A: It's true. The NII gives the child a number only for purposes of the NII and health insurance.
Q: I am receiving NIS 613 shekels in Kitzbat Yeladim, down from NIS 876 previous to that. This sounds a bit off. The web site has not been updated in a few months, and although they mention there were to be cuts in June, it still sounds drastic from the NIS 1,700+ shekels
their website has recorded for 5 kids before June.
I have 4 kids born before the deadline of May 2003.
A: You should be still getting NIS 876 - unless one of the children reached the age of 18, or you have a debt to the NII. The latter possibility can be checked out at your local branch.
Q: My wife and I are olim hadashim. We filled out forms at the NII office in Kfar Saba for our son to get the children's allowance on September 5, but still haven't received any payments to our bank account. Is it normal
for them to take so long to process these forms? I've faxed them twice already to ask them what's going on, with no response. Is there a ombudsman or public complaints contact for NII to get someone to sort this out?
A: Yes, there's a Public Complaints Dept. at the head office of the NII at Weizman Blvd.13, Jerusalem. Phone, (02) 670 9070, fax, (02) 652 5038, or you can go to "contact us" at the bottom left-hand side of our English site.
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Q: I intend to spend one year studying at a yeshiva in Jerusalem; however, I am about 50 years old. Is it possible nevertherless to obtain a health insurance as a tourist in one of the Kupot Holim and pay accordingly?
A: This is not a question for the NII, since you are not an Israeli resident and are therefore not covered in the national health insurance. I assume that the major sick funds in Israel offer private insurance to tourists, but
you would have to check directly with them.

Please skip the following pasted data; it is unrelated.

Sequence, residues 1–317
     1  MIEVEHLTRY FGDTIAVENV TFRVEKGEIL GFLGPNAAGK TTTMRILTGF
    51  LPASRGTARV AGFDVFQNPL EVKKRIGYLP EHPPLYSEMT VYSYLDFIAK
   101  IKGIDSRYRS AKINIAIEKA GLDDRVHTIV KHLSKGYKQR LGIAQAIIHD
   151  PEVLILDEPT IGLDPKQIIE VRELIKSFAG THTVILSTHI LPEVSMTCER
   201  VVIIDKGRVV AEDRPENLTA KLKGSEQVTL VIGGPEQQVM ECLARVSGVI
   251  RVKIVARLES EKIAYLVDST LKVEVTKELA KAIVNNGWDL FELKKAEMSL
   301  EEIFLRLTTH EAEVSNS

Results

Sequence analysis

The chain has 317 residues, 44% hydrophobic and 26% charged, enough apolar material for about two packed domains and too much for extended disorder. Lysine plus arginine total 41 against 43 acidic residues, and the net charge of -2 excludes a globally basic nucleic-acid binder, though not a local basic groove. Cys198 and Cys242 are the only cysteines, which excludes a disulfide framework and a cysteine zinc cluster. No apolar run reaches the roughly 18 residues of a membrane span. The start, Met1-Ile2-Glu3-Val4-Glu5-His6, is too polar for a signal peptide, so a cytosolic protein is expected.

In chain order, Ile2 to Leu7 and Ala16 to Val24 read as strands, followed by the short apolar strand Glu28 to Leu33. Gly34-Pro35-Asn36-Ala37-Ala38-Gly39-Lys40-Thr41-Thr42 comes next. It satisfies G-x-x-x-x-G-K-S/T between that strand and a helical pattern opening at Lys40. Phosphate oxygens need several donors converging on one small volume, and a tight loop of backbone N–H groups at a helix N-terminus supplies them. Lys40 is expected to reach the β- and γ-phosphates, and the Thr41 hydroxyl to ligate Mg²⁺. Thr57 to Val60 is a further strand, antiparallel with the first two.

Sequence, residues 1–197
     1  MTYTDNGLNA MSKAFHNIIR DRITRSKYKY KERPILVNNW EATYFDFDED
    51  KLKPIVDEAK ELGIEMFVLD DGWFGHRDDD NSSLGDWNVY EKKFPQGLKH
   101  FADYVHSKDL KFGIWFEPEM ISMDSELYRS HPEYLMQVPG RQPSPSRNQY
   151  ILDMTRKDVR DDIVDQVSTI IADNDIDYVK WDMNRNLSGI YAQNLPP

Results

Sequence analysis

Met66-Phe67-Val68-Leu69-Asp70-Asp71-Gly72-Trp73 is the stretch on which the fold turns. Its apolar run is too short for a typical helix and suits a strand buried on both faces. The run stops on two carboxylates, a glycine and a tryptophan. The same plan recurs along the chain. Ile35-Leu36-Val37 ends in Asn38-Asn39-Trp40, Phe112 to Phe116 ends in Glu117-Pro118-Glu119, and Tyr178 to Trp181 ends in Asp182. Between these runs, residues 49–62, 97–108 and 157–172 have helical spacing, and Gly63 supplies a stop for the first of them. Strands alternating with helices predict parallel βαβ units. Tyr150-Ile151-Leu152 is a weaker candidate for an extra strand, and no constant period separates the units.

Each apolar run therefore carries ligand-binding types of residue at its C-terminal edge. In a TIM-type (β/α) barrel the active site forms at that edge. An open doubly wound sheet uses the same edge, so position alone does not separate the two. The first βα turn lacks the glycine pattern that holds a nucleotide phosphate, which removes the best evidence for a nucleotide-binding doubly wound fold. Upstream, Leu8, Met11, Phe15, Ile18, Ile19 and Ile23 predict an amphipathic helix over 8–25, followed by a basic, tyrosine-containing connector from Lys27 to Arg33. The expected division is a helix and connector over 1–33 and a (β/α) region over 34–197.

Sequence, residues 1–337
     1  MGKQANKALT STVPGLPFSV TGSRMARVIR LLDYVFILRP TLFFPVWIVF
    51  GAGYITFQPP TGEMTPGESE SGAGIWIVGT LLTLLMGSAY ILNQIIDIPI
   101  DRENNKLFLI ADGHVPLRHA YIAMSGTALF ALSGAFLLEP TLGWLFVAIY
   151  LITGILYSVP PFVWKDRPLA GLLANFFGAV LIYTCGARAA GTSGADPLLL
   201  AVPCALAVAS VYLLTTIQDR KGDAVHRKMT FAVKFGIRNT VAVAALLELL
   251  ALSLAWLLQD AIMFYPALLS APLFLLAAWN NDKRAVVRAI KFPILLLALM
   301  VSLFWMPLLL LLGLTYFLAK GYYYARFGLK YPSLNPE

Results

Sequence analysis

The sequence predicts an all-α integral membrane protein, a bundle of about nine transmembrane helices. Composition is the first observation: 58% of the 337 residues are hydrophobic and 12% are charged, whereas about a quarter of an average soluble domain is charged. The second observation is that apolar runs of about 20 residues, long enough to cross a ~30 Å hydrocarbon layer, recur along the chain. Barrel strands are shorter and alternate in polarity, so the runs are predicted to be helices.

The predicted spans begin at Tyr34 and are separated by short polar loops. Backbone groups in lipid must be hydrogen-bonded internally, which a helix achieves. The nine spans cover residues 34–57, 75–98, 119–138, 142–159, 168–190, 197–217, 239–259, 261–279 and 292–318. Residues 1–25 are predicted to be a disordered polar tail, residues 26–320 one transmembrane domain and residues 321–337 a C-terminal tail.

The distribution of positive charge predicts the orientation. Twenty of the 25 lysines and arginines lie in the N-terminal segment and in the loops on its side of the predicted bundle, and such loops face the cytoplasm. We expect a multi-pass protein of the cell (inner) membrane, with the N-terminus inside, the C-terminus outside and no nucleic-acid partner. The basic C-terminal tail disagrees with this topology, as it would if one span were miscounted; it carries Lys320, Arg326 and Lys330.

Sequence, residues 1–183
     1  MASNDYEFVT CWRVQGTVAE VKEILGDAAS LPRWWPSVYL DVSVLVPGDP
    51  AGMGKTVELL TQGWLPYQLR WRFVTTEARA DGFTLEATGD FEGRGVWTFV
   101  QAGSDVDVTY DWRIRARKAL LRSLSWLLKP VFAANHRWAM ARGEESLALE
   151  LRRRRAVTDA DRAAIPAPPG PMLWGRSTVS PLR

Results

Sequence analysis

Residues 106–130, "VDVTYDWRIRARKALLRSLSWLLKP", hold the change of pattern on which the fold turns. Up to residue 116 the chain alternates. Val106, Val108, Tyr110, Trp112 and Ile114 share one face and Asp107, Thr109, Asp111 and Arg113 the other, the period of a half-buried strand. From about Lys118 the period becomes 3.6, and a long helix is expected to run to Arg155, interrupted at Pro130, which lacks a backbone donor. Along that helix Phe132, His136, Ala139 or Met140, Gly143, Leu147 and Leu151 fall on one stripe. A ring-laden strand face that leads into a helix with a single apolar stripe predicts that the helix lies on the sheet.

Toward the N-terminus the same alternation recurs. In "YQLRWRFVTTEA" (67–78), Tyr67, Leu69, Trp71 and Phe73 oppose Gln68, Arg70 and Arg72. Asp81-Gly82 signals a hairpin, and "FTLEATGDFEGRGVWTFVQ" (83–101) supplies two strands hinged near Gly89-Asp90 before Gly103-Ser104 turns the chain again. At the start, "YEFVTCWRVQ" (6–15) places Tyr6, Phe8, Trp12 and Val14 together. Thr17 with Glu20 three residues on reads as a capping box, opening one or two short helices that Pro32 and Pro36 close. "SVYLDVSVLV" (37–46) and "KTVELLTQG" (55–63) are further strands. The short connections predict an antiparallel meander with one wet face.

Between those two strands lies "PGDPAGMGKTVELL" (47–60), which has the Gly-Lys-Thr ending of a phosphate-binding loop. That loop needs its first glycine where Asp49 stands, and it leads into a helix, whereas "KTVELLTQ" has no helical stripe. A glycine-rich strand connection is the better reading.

For Health Funds click here.
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Q: I recently received a letter from Bituah Leumi showing some money Bituah Leumi owes me after they have decided that I am not considered an Israeli resident. I immigrated to Israel in 1992. I was born on January 22, 1963. I am married, my wife lives with me in USA. I left Israel for the US in 1998. I was paying to Bituah Leumi until 2004. I stopped paying in 2004. I spoke to Bituah Leumi today, and the representative told me that the only way to get the money is to provide Bituah Leumi with my account number in Israel. I do not have an account in Israel, but my wife still has one. The representative said "no." No checks, no transfers to account abroad, etc. How can I get my money then?
A: From what I understand, after having spoken to a number of senior officials of the NII, the options are as follows:
â€¢ To give a relative in Israel, or your wife, power of attorney, so that the money may be deposited in his/her account.
â€¢ It is possible to transfer the money to an account abroad, as follows: A senior official from the Department of Collection of Contributions of the NII (who is authorized to sign a payment order) must sign a payment order (a specific NII form) and give it signed to the Finance Dept. in the head office of the NII. Ms. Sima Lang of the Finance Dept. informed me of the availability of this second option.
Q: We are not olim yet, but we have been here for over four years so we have been granted Bituah Leumi. In order to obtain a Bituah Leumi identification number for my baby, we need updated visas (my husband is a student in yeshiva). The appointment that I have scheduled at Misrad Hapnim (the Interior Ministry) in order to renew our visas is a week and a half after my baby turns one year old. Is this (i.e. her age) going to present a problem for my daughter being eligible for a number?
A: No, if the parents are entitled to Bituah Leumi, the child is automatically entitled as well, no matter what the age of the child.
Q: My husband is British and in the process of acquiring Israeli residence. He is 55, retired from British Army Service and receives an Army pension. I am Israeli and neither self-employed nor employed at the moment. When my husband's residency in Israel is finalized (documentarily) will he have to pay NII contributions? And at what rate? Also are there family contributions or are all NII contributions individual? And finally what is the qualifying period for the state pension?
A: A person who is not a resident of Israel is not insured in health or national insurance, and therefore is not required to pay insurance contributions. Contributions are on an individual, not a family, basis. The qualifying period for the NII old-age pension is different for an insured person and for a housewife. New immigrants not insured due to their age at time of immigration are eligible for a special old-age benefit, subject to means test. For detailed information on the qualifying period, contact your local NII branch or check the NII web site .
Q: The question is: I have heard that both Israel and the US want to subtract a portion of the benefit one qualifies for from Social Security and Bituah Leumi from the amount the other country gives you. What can you tell me about this?
A: For the policy of the Social Security Administration of the US, you would
have to contact them .